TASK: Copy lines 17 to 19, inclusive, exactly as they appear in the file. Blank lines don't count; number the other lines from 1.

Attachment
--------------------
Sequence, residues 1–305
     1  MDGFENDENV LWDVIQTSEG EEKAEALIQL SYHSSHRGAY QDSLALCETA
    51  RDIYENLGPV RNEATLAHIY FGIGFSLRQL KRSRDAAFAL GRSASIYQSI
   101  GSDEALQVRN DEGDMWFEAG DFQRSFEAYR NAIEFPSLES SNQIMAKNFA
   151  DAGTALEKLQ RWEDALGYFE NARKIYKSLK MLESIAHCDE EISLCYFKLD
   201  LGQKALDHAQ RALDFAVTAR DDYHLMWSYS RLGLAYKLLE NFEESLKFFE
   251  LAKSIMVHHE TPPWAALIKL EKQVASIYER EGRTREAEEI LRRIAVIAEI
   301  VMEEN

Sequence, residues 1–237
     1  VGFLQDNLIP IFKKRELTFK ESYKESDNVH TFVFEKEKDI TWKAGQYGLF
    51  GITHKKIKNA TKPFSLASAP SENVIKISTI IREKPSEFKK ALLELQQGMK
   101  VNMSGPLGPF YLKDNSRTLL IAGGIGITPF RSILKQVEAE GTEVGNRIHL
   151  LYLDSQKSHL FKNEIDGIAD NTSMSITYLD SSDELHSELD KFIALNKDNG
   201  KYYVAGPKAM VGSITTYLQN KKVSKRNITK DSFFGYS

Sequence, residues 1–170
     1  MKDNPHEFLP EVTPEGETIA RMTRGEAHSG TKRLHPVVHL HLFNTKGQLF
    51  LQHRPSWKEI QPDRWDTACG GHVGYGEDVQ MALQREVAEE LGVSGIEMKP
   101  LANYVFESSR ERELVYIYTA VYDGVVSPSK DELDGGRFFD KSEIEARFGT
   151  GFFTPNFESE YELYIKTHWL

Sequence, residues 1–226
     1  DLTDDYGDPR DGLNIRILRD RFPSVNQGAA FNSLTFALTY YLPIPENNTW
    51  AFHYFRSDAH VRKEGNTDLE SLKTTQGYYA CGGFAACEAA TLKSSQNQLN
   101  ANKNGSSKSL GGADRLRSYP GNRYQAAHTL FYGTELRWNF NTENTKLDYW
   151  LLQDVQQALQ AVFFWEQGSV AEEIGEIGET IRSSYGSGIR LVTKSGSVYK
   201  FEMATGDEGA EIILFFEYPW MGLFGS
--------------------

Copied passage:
    51  LQHRPSWKEI QPDRWDTACG GHVGYGEDVQ MALQREVAEE LGVSGIEMKP
   101  LANYVFESSR ERELVYIYTA VYDGVVSPSK DELDGGRFFD KSEIEARFGT
   151  GFFTPNFESE YELYIKTHWL